Have you ever noticed that most people run away from human tragedy? It is rare to see someone running towards suffering. Like most people I watched the drama of 9/11 unfold on television that dreadful Tuesday morning. I’ll never forget the firefighters who charged the Towers to save people whom they did not know, risking and then sacrificing their own lives in the process. Americans from every color, creed, and class stood as one that day. Collectively our hearts were stirred with pain and bewilderment. While some were running for their lives, we gasped as others ran to their deaths. And we have to ask ourselves, “What compelled the firefighters to rush into the buildings and up those stairs?”
I believe I know the answer. If there is just one thing that binds the human race together and propels us forward like nothing else, it is compassion. Without a doubt, the firefighters had it that day. With axes and medical kits in hand, wearing fire retardant suits and oxygen tanks, they lunged toward the danger. Each step was taken with an unwavering resolve to save people from certain death.
When it comes to compassion, no one felt it or lived it more intensely than Jesus. He breathed it, and He bled it. Take a long look at the last day of His life. Without compassion Jesus would have never touched the cross. He could have called an army of angels to rescue Him. He could have refused to bear our sins. He could have annihilated His executioners. Instead, He took the place of a criminal. He saved a thief. He asked God to forgive the people who did Him evil. He entered the twin towers of death and the grave to pay for our sins. He laid down His sinless life. And now He offers to deliver us. Remove compassion from the equation, and there would be no mercy, no grace, no love, and no salvation.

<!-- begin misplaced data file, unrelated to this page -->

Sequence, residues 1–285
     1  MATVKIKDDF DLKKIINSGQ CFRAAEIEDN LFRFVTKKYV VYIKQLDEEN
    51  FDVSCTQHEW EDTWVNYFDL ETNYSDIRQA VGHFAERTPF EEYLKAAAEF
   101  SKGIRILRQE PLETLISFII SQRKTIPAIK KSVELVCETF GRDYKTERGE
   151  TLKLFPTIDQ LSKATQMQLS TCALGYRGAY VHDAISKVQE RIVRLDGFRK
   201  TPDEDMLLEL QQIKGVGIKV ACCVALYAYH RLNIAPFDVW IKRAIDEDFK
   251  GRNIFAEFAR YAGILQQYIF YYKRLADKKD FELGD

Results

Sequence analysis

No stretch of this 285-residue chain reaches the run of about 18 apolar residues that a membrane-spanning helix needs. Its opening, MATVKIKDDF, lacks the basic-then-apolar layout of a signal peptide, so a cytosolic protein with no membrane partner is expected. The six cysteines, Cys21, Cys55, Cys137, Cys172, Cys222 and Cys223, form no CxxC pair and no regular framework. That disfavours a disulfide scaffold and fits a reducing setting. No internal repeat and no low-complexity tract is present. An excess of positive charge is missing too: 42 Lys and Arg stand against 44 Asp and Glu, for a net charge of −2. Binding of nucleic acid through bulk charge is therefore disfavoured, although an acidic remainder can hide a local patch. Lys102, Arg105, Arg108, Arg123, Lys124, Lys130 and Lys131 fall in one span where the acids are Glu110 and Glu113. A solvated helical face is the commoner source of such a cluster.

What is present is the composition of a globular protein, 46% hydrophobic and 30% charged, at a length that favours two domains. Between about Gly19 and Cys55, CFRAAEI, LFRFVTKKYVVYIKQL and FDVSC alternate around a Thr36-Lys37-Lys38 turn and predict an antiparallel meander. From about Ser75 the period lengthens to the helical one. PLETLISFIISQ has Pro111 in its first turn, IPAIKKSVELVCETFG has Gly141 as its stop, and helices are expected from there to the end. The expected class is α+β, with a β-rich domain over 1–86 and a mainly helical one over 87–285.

One of my favorite verses is found in Matthew 9:36, “When he saw the crowds, he had compassion on them, because they were harassed and helpless, like sheep without a shepherd.” It wasn’t a one-time lump in His throat that caused Him to feel this way. We see this repeatedly throughout Jesus’ life.
In Matthew 14:14 we read, “He had compassion on them and healed their sick.” Again in Matthew 15:32 He said, “I have compassion for these people.” When Jesus encountered two blind men in Matthew 20:34 we read, “Jesus had compassion on them and touched their eyes.” After meeting an outcast leper in Mark 1:41, Jesus did an unimaginably risky—and even unheard of—thing. Mark writes, “Filled with compassion, Jesus reached out his hand and touched the man.”
Do you remember the familiar story of the son who rebelled against his father, took the money, and ran away? Have you ever asked yourself the question, “When the prodigal came crawling back home, why didn’t the father scorch him with verbal napalm?” His personal and moral failures were catastrophic.